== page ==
There’s a certain amount of evidence to support the idea that posting more often on Facebook leads to a larger audience, higher engagement rates and an overall more effective social media presence.
Look at it like this: If you have an audience of 1,000 people, your messages aren’t reaching all 1,000 when you post. You might have a reach of about 6%, which would give you 60 people out of 1,000 seeing your post.
If you post once per week, that’s 60 people per week seeing your post. If you post twice per week, the number is higher. It’s not 120, because you’ll have some overlap, with the most engaged followers seeing both posts. Still, you’ll have somewhere closer to 90 or 100 people seeing your posts each week instead.
Extend this even further, to posting once per day, and you have even more exposure. Some large brands with audiences in the hundreds of thousands or millions will even post multiple times per day.
The thing is, after a certain point, posting more often just hurts you. Rather than increasing your viewership, you end up encountering one of these problems.
The Possible Spam Flag
A spam flag is no laughing matter. Facebook is willing to forgive and forget a few of them, because it’s not impossible that a dissatisfied user goes and tries to hurt you any way they can, and marks legitimate posts as spam. Sometimes, though, the flag will hide posts you’ve made even from other users. It’s not a hard process to undo the flag, usually, but it’s still a detrimental hassle.
The problem with posting too often is that sometimes users who see your posts decide they’ve seen them too much. When you post four times in a day, and you’re running ads that can show up in a user’s feed as well, they can easily be flooded with more posts than they want to see. This is especially bad if they all say roughly the same thing. You’re not going to get away with it, and Facebook will eventually penalize you for it.
Successive Low Engagement Posts
Another common problem is how repeated posts affect your EdgeRank. EdgeRank is an ongoing calculation for every relationship on Facebook. You essentially have a different EdgeRank “score” for every single person who can possibly see your posts.
One of the factors in EdgeRank is engagement. When more people are engaged with your page, your posts reach even more people. When fewer people are engaged, you don’t reach all that many people, because social proof indicates that they don’t want to see you.
Too many posts with too little engagement can hurt future posts. This holds true even if the reason those posts have low engagement is because they’re relatively new.
Pushing Down Good Content
When you make a good post, you want that post to be seen. You want that post to have as much of a lifespan as possible. Unfortunately, you only get so much time with a post due to the decaying time factor in EdgeRank. However, you do still have some chance to get more view out of the uncurated feed on your page itself. When users visit your page – rather than just their own feeds – they can see your posts in the order you made them.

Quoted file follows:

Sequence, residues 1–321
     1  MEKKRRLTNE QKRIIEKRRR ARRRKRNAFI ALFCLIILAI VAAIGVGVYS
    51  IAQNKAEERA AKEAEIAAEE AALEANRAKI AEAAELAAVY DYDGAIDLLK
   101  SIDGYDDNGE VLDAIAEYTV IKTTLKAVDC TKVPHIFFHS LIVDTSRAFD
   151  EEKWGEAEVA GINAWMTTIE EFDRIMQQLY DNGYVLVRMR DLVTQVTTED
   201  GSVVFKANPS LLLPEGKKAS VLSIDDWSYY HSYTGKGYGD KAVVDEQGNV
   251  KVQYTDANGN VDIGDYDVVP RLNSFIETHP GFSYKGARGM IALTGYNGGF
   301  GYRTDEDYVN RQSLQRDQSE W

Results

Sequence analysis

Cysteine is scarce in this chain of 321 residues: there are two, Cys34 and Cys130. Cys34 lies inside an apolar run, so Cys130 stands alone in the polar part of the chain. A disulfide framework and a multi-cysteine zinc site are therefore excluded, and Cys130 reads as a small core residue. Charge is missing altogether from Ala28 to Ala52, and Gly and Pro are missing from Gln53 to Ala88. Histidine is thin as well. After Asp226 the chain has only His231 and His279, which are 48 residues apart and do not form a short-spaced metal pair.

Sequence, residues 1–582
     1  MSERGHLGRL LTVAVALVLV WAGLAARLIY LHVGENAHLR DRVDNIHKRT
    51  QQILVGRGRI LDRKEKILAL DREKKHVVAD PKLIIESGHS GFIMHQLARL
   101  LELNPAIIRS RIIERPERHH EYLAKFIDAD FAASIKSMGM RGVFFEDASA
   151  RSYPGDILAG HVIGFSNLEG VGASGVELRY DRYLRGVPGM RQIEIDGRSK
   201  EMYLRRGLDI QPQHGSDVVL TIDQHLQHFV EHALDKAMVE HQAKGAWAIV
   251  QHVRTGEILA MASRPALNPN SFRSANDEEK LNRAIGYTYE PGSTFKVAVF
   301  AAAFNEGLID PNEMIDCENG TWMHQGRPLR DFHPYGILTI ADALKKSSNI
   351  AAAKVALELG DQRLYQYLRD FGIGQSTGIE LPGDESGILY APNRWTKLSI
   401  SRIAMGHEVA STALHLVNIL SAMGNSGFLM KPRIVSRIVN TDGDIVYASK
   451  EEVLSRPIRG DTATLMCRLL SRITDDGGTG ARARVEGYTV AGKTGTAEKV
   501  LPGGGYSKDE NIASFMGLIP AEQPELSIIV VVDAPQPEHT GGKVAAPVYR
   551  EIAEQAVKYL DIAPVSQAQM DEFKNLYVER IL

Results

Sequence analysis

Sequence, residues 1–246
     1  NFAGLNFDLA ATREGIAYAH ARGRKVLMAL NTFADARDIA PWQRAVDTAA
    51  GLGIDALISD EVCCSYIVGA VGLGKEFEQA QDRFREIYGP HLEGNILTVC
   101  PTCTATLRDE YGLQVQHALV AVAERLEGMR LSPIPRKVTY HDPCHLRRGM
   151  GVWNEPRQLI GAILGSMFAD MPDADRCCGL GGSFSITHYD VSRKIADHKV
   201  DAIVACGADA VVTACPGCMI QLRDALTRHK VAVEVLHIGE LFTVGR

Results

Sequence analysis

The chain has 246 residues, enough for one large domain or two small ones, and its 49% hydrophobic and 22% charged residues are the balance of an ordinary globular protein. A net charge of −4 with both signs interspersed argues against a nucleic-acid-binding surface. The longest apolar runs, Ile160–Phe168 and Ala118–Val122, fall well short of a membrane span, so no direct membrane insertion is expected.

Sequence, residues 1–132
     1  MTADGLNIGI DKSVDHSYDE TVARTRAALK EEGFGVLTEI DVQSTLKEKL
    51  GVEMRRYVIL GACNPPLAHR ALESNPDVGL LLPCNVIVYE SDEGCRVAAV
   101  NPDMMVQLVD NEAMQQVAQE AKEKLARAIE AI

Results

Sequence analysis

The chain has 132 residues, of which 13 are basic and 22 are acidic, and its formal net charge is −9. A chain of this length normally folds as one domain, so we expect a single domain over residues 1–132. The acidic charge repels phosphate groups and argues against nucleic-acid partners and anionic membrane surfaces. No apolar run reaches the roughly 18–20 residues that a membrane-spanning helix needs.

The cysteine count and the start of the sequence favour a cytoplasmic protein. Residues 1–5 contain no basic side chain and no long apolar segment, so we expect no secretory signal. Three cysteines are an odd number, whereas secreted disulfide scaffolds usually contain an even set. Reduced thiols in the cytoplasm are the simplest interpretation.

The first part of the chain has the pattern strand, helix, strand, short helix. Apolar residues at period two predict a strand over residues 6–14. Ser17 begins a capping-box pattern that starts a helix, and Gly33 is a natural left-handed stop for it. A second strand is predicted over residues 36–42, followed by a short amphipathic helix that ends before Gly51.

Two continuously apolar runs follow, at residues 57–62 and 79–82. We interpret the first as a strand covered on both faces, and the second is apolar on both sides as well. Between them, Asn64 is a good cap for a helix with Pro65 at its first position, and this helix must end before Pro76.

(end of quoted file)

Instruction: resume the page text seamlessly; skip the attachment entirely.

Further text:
This is admittedly a small subsection of your users, but it’s important in that they see your best posts whenever they can. If you’re filling your feed with lower quality posts just to keep up volume, you’re pushing down your best posts. You do have a pinned post slot, but you can only use that so much.
Think of this also as a first impression problem. When someone views your page and scrolls back through your history, what are they going to see? You don’t want to make a first impression with a bunch of boring posts made for volume.
Lower Average Quality
It’s a fact of life that you can only do so much in a day. When you’re trying to create half a dozen Facebook posts every day, they aren’t all going to be winners. In fact, I’d venture to guess that most of them are going to be thoroughly boring, and those that aren’t completely boring have a 50% chance of being either excellent or terrible. You don’t want terrible posts. Terrible posts are bad for you.
Everyone can afford a few terrible posts now and then, but when the average quality of your posts is too low, the terrible posts drag you down. You need a high average quality to alleviate the loss from the occasional flop.
Everyone Posting More, Everyone Seeing Less
This problem is less with your page and more with Facebook as a whole. Posting is up on average 31% from last year, and that means there’s a huge number of possible posts any one user can see. Part of this is due to the constant press of people saying that Content is the be all and end all solution to all of life’s marketing problems.
The thing is, the more people there are posting content, the less of any one person’s content is seen. This is a huge factor in the declining reach for everyone on Facebook. There’s more noise than ever, so less and less gets through. If everyone posted less, reach would go up across the board.
Sometimes, Less is More
One trend you’ll notice if you follow some of the top tier blogs online right now is that posting is going down. Jon Loomer is down to one post a week, and he’s a huge authority.
The reason these authorities get away with it is because you’re guaranteed to have deep value in their posts. They’re long, they’re detailed, they have a lot of data, and they’re incredibly valuable. If you can match those standards, it’s okay to post less frequently! The quality more than makes up for the volume lost.